On the way into Castleford, the sign welcoming you informs you that it is the birthplace of sculptor Henry Moore. On the way out, there was big neon light informing us that is also the resting place of Warrington’s hopes for the 2015 season.
The town was also home of Viv Nicholson, the woman who famously won £152,319 – the equivalent of £3million in today’s money – on the football Pools in the sixties and spunked all the money within a couple of years, after which her life spiralled out of control.
Such was her publicised fall from grace, The Smiths featured on her on the cover of their single Heaven Knows I’m Miserable Now.
And fuck me, wouldn’t that be an apt song for our season?
After a couple of miserable visits to Headingley, we returned to West Yorkshire for the fourth time in as many weeks to see our hopes of making that fourth spot virtually vanish.
There would be no repeat of our visit to Wheldon Road last month, when we ripped Cas apart, as Daryl Powell’s men looked a lot more up for this one.
The two match ban handed to Westwood for his high tackle on Luke Gale – or, rather, Daryl Powell’s rant about it after the game – added a bit of spice to proceedings and Super Ben copped a lot of stick on his return from suspension. His every involvement was predictably jeered by the home fans, while he was targeted by the Cas pack when he took the ball in. Even Luke Gale attempted to get some revenge when – fourth man into the tackle – he laid into Westwood’s head with forearm.
The match itself pretty much summed up our season. After a rather abject first half, we seemed to be well and truly out of the game as the clock ticked down, but a late flurry prompted hopes of a comeback, only for the width of the post to deny us in the end.
16-6 down going into the last 10 minutes, Richie Myler’s break away try turned the momentum of the game and suddenly Wire looked very lively. Chris Sandow hit the post with the conversion attempt, but landed his next attempt from the touchline – after Penny squeezed in by the corner flag – to level the scores.
That miss would prove costly minutes later when Liam Finn, who had done fuck all, all game, nudged over the drop goal that crushed our top four hopes.
We couldn’t speak.
We had actually dominated early proceedings, enjoying most of the possession and a good spell in Cas’ half, but typically we couldn’t convert the pressure into points and, after what felt like an eternity attacking the Tigers’ try line, we put in a poor kick on the last tackle and, from the 20 metre restart, allowed them to make easy yards downfield. From the resulting position, Cas opened the scoring through Roy Chubby Brown on the left wing after our defence was sucked in for a change.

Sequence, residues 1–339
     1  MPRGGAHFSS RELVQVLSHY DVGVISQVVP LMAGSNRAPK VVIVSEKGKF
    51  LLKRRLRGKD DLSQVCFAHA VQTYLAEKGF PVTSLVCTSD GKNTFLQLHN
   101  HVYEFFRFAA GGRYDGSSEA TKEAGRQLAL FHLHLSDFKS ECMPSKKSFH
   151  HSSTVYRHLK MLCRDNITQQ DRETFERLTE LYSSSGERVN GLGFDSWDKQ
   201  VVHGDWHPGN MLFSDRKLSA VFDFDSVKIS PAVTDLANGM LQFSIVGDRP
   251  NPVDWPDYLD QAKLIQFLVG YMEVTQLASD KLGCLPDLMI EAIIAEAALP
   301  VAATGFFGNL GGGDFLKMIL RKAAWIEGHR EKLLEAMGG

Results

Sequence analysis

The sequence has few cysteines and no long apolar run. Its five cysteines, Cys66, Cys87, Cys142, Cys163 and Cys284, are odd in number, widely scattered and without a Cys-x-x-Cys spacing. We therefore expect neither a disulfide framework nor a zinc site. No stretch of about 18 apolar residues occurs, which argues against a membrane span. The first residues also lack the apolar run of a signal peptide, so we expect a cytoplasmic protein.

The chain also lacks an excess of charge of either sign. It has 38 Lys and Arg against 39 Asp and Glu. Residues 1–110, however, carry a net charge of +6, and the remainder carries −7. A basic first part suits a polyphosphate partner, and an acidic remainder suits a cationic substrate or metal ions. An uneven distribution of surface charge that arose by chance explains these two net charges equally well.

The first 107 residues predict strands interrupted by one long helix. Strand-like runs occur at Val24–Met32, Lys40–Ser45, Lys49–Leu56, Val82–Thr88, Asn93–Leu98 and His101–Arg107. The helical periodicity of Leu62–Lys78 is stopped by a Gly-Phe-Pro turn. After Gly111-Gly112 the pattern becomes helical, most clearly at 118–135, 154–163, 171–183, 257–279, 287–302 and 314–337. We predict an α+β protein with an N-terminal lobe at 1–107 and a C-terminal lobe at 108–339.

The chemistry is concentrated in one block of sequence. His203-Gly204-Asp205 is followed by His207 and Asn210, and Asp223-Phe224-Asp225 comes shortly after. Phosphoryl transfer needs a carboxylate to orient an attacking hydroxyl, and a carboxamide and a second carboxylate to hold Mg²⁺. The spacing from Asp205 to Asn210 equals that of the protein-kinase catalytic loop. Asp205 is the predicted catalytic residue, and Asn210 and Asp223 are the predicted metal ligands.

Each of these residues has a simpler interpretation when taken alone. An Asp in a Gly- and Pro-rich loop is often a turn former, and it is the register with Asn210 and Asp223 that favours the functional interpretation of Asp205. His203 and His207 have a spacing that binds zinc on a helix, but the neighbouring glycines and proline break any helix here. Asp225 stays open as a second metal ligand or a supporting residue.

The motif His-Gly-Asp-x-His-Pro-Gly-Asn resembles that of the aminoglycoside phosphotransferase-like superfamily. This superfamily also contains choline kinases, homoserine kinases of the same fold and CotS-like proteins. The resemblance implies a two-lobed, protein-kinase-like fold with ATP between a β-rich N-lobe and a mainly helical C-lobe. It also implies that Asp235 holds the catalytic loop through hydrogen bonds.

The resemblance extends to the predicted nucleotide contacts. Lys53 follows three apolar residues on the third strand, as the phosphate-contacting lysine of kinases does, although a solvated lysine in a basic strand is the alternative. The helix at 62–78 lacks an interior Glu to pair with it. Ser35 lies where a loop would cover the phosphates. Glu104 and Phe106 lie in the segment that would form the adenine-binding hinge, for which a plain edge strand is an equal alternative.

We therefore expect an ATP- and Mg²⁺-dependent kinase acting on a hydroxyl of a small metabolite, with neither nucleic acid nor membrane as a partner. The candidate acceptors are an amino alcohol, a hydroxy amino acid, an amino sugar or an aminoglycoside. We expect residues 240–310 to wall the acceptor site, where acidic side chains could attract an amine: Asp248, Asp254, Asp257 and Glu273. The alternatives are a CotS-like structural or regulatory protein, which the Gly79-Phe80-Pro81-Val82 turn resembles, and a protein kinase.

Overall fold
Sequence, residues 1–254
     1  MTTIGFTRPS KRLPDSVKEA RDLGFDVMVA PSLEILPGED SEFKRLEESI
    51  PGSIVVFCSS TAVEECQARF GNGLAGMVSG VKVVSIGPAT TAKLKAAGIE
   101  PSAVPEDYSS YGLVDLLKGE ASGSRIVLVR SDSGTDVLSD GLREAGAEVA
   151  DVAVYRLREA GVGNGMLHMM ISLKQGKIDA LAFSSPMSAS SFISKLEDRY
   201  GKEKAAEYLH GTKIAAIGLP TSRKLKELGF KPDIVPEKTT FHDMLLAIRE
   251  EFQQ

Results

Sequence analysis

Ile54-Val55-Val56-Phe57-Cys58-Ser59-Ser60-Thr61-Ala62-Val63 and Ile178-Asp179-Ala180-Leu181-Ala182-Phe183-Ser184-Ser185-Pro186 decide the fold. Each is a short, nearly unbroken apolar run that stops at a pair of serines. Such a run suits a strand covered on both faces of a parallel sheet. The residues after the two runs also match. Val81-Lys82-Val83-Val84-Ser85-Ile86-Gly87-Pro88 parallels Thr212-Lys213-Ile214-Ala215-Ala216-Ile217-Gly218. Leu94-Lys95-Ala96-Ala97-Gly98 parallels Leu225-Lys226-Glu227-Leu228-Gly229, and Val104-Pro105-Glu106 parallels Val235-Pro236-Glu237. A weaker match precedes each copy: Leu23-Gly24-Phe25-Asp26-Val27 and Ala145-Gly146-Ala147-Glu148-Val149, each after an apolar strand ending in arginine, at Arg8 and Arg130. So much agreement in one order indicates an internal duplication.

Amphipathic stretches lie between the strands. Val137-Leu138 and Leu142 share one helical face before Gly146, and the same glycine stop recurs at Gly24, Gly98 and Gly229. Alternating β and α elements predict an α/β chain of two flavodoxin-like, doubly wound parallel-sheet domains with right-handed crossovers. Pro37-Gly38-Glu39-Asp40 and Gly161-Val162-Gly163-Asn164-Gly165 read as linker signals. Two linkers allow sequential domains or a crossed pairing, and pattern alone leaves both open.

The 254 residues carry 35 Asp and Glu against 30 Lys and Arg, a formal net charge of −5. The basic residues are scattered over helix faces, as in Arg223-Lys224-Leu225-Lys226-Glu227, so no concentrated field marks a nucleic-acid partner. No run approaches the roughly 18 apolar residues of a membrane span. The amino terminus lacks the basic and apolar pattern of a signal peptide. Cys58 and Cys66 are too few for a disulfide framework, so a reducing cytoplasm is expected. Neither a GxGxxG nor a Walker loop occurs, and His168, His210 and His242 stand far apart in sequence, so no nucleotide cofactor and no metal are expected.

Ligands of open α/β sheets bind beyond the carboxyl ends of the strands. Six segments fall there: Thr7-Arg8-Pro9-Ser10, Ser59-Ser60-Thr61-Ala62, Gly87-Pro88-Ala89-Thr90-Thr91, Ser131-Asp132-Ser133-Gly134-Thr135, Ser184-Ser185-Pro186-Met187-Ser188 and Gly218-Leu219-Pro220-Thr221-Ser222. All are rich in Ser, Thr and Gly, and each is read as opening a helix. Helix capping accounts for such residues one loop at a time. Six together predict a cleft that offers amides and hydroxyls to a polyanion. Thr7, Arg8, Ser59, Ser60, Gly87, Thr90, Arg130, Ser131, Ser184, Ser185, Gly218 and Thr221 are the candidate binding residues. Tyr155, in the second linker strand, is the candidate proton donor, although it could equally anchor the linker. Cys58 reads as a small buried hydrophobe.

Their next try was a similar story. We thought we had scored when a kick to the corner was contested and knock down towards Penny who collected the loose ball and touched down, but the video referee ruled that Atkins had knocked the ball forward.
Cas, rather predictably, romped down our end and extended their lead through Shenton, who danced through our trademark soft edge defence.
Incredibly, George King – of all people – went for a short kick off and got the ball back from the restart, giving Wire some much needed field position and we appeared to have capitalised when the ball was spread through the backline and found Evans in enough space to score in the corner, but it was chalked off for a forward pass from Ratchford.
We finally crossed for a legitimate try before the break when Richie Myler charged onto Sims’ short ball to crash over under the sticks, before Luke Gale knocked over a penalty just before half-time to send the hosts into the break with a 12-6 lead.
When Finn’s kick to the corner was knocked back and fed to Carney to get his second after just three minutes of the second half, the game looked pretty much dead and buried before that late comeback attempt.
Wire spent a lot of time in possession, but the same old problems surfaced too much. Chris Sandow looked keen to impress and make his mark on the game: He was involved in everything, but it just didn’t click for him. All too often, his runners weren’t hitting the right line, or at the right time, and his lack of time with the squad was apparent.
At least by the time next season comes around, he will be embedded within the club and can boss the team around the park, but at the minute it looks like he is still learning everybody’s name, let alone the gameplan.
We had our chances, though, and strong try line defence from Castleford denied us a few times, but we cannot wait until the last ten minutes of matches to spring into life and find some urgency. We looked more dangerous when we play off the cuff, and made more metres when we run from dummy half rather than hitting it up in the forwards, as we have all year, but by the time we started to do it, we had given ourselves too much to do to get back into the game.
Games against Wigan are never meaningless, in and of themselves but, barring a minor miracle, it is merely pride at stake next week against the crust munching yokels.